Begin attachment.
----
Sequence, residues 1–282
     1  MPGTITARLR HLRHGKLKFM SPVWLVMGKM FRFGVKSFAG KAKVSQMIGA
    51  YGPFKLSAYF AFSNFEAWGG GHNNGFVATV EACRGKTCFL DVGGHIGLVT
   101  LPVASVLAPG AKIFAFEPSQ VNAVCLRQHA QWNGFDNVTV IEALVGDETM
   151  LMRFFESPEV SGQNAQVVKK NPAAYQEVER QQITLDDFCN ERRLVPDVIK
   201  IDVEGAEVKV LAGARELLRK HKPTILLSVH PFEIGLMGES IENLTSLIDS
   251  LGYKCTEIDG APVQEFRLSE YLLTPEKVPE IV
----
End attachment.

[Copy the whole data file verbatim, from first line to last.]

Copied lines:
Sequence, residues 1–282
     1  MPGTITARLR HLRHGKLKFM SPVWLVMGKM FRFGVKSFAG KAKVSQMIGA
    51  YGPFKLSAYF AFSNFEAWGG GHNNGFVATV EACRGKTCFL DVGGHIGLVT
   101  LPVASVLAPG AKIFAFEPSQ VNAVCLRQHA QWNGFDNVTV IEALVGDETM
   151  LMRFFESPEV SGQNAQVVKK NPAAYQEVER QQITLDDFCN ERRLVPDVIK
   201  IDVEGAEVKV LAGARELLRK HKPTILLSVH PFEIGLMGES IENLTSLIDS
   251  LGYKCTEIDG APVQEFRLSE YLLTPEKVPE IV